I received an email the other day from Google. My domain name will be renewed in 30 days.
I checked the date: October 15th. That’s when I realized it had been a year. I was registered to take the November 2017 LSAT and had to request my refund by around this time last year. It’s been one year since I decided to try and become a data scientist.
I’ve fallen away from this blog over the last few months, but I have good reason: I got a job! I am currently working as a data analyst on the data warehouse team at AdTheorent (a quick note to say that this blog remains my own work, and is unaffiliated with my role there). I started applying to jobs more to test the waters of the local job market here in Jacksonville, FL. I wanted to see what employers were looking for and get some experience interviewing for tech jobs. I got a couple of interviews, but the AdTheorent one stuck out to me. AdTheorent is entirely based in the cloud, uses data science and predictive analytics to place bids on ad exchanges, and it seemed the team leader was looking less for someone with a certain skillset and more for someone who had the ability to think analytically and critically. I was offered the job and jumped at the chance.
I’m not doing any data science for my job (we do have a data science team, but they’re based in New York). However, I am using quite a bit of what I learned at DataCamp. The majority of my life at AdTheorent is lived in SQL and some C# for our data loading and processing jobs. I still use Python and Seaborn for visualization when needed, and I’m starting to delve into Pyspark as well. Oh and Git. Lots of Git. Which bring me to the point of this post:
Five Things I wish I had known
I dipped into DataCamp’s Git course, but I didn’t pay very close attention. Now it’s my bread and butter. I always have Git bash open, but too often I’ve had to ask our resident Git guru for help. I love using it now (seriously–it’s a brilliant piece of software), but I wish I had learned it better beforehand. Maybe I would have a few less git reverts under my belt (or worse, I even had to check out a commit, rename it to master, and delete the old master…this is probably not standard practice…).
2. Dev – UAT – Production
I’m not sure how I would have gained much experience here before actually being employed, but the actual day-to-day life of the software developer has been entirely new to me. We use an Agile workflow which I was basically Googling on day one (lots of small, frequent, and therefore flexible deployments instead of fewer, larger ones). Also, I had never written any code which had to pass a test other than, “Hey it worked this time!” Going from little home projects to working on production code was a huge jump, and I have definitely skinned my knees a time or two, which brings me to…
3. The difference between big data, and BIG DATA
We process and house a lot of data. We aren’t a Google or a Facebook, but we deal with tables that are terabytes. The Kaggle contest that I participated in dealt with enough data to make my MacBook run for cover, but that was just a couple of gigabytes. For anyone else starting out in all of this, just in case this isn’t as obvious to you as it wasn’t for me, methods, programs, and procedures that work with a gigabyte of data will not necessarily work with petabytes. I have had to go back to almost the drawing board twice now for a single project because, when it came to time to test on full, production-sized tables, my jobs crashed and burned (or at least were taking too long to be workable solutions). Often, when you get to this scale, the name of the game becomes less about how sexy you can make your solution and more about how reliable and quickly debuggable it is.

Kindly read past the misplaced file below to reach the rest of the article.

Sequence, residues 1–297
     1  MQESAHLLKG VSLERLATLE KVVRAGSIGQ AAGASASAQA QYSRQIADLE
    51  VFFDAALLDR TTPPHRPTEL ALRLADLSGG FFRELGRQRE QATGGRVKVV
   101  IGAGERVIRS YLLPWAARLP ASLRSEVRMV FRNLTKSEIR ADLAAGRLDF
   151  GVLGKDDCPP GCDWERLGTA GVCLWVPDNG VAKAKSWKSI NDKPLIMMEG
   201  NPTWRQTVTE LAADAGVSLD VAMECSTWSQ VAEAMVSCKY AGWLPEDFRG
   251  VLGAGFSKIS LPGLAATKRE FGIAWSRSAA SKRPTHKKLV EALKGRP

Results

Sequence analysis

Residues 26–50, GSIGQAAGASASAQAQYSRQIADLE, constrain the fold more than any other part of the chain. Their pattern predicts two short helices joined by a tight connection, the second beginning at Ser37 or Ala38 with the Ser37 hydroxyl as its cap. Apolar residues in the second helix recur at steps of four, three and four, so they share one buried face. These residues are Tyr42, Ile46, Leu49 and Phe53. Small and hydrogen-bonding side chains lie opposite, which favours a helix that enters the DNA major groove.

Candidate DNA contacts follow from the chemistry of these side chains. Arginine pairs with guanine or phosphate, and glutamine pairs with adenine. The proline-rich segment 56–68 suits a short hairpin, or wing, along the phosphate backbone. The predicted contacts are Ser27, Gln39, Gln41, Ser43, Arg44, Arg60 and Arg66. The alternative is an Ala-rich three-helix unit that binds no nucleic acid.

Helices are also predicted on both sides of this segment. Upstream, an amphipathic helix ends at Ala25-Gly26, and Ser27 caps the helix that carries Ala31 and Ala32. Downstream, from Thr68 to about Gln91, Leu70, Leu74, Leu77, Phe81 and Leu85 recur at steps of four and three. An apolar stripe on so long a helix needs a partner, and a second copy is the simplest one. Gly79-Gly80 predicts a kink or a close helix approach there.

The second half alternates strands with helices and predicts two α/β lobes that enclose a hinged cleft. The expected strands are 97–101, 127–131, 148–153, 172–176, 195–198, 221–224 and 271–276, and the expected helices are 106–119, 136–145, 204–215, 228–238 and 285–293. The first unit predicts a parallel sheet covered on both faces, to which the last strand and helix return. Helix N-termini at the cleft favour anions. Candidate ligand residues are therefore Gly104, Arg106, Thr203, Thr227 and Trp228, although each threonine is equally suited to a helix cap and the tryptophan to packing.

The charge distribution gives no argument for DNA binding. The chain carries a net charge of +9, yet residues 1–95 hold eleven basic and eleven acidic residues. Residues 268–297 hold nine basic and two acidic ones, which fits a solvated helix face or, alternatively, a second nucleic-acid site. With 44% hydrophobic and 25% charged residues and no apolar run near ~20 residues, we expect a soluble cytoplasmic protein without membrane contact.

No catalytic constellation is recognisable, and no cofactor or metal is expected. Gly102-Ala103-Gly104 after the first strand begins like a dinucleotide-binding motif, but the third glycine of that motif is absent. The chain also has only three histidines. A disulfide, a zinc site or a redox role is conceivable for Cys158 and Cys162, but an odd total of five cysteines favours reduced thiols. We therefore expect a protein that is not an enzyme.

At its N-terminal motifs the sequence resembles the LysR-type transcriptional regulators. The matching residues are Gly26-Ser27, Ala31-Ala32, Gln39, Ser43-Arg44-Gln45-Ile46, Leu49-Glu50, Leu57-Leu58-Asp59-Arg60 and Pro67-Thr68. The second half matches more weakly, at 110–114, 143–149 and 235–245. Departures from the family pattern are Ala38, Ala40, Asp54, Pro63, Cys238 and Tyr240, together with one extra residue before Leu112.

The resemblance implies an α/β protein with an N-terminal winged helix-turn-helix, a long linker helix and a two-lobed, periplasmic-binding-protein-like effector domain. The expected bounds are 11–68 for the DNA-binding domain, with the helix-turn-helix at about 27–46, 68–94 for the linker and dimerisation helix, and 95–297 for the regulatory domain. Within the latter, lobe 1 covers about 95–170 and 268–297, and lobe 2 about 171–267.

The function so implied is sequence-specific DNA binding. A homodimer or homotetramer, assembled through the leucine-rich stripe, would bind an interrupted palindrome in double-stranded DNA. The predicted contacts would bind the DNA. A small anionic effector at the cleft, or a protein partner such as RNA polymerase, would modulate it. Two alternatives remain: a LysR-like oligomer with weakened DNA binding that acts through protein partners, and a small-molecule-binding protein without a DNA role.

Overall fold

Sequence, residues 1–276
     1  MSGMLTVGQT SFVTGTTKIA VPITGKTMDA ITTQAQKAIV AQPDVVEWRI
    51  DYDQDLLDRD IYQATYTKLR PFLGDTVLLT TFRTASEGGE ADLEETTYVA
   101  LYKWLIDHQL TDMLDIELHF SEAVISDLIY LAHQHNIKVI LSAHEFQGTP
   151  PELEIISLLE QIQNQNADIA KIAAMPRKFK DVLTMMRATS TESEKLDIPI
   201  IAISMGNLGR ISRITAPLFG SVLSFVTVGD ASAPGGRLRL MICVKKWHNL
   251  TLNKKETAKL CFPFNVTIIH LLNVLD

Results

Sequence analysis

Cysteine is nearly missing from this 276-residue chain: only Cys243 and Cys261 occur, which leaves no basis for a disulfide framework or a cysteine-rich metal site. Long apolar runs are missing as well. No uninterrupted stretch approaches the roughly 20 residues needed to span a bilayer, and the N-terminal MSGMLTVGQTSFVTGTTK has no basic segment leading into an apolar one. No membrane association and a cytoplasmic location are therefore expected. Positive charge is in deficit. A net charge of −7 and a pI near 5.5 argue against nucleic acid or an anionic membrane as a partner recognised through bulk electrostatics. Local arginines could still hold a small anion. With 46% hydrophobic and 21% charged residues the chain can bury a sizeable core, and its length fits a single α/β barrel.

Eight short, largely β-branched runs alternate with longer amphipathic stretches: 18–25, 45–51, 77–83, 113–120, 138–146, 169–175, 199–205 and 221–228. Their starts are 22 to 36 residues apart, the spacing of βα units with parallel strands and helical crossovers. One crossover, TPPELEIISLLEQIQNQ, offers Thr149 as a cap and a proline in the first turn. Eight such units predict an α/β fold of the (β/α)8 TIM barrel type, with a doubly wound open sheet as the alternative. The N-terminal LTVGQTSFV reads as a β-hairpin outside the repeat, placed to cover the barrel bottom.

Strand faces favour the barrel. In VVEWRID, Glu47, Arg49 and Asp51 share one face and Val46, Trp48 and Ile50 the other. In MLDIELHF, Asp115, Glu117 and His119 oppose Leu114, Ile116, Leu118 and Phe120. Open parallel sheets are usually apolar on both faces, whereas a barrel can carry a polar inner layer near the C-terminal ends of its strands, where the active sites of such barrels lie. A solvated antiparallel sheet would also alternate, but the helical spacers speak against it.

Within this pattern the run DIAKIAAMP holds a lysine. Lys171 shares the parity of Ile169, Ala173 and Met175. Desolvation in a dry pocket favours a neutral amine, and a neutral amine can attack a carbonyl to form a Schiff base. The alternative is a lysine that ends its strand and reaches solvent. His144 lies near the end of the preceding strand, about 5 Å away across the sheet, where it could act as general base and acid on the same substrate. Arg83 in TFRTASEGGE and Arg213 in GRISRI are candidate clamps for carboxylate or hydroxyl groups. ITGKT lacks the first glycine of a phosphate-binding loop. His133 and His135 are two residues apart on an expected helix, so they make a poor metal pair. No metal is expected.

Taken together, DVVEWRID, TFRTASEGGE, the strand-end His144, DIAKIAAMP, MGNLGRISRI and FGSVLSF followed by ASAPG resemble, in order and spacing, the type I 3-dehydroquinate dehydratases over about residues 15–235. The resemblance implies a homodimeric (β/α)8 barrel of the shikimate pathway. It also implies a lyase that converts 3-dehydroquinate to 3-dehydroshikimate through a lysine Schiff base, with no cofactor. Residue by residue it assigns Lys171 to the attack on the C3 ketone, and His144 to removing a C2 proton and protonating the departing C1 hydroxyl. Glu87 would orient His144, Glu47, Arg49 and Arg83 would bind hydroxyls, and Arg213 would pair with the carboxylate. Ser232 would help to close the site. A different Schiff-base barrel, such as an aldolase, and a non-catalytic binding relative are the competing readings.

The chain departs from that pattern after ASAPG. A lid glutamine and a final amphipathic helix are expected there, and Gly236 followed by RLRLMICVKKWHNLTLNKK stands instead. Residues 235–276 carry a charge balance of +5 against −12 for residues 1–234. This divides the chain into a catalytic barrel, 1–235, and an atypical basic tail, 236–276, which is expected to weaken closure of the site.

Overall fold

I wish I had been familiar with the ways to set up and manage development environments. I didn’t really know what they were or why they were important (if you want to learn this, use Anaconda and this documentation). I mean, why didn’t everyone just use the most recent version of all their packages? Well, also figured out some of this the hard way (sensing a pattern?). I finally managed to set up a cloned environment on my laptop of our Spark cluster–Python 2.7, Hadoop, and all.
5. Network & Server Speak
My house was the main gathering place for LAN parties in high school. We played Counter Strike, the Command and Conquer series, Starcraft, Quake 3, and other classics. We would sometimes spend hours troubleshooting, trying to get all the computers on the network (this was Windows 2000 and XP people…it was rough). I think our record was 24 computers up and running. We had to run extensions cords all over the house to keep from flipping the breakers (writing this now, I am reminded about how gracious my parents were…). Nonetheless, these experiences did not prepare me for network, VPN, server, production, UAT, cluster, box, prod talk (can you believe it?). I’m not sure how I would have learned all of this outside of a technology workplace, but I’m googling away trying to catch up.
Now, despite my trial by fire, I feel like none of these things have been impossible hurdles. I’m picking things up and enjoying every minute. Now that I’ve settled into things, I hope to start back up on my data science education. Stay tuned!